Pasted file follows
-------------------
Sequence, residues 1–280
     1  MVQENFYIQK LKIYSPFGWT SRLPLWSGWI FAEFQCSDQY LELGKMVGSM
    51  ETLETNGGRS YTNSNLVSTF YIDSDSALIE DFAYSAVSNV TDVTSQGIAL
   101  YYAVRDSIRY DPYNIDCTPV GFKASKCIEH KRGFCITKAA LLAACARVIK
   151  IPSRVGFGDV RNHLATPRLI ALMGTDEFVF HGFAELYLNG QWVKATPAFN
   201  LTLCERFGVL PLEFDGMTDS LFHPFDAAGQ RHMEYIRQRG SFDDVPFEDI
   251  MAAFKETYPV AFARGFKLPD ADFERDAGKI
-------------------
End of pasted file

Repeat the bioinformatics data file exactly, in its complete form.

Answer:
Sequence, residues 1–280
     1  MVQENFYIQK LKIYSPFGWT SRLPLWSGWI FAEFQCSDQY LELGKMVGSM
    51  ETLETNGGRS YTNSNLVSTF YIDSDSALIE DFAYSAVSNV TDVTSQGIAL
   101  YYAVRDSIRY DPYNIDCTPV GFKASKCIEH KRGFCITKAA LLAACARVIK
   151  IPSRVGFGDV RNHLATPRLI ALMGTDEFVF HGFAELYLNG QWVKATPAFN
   201  LTLCERFGVL PLEFDGMTDS LFHPFDAAGQ RHMEYIRQRG SFDDVPFEDI
   251  MAAFKETYPV AFARGFKLPD ADFERDAGKI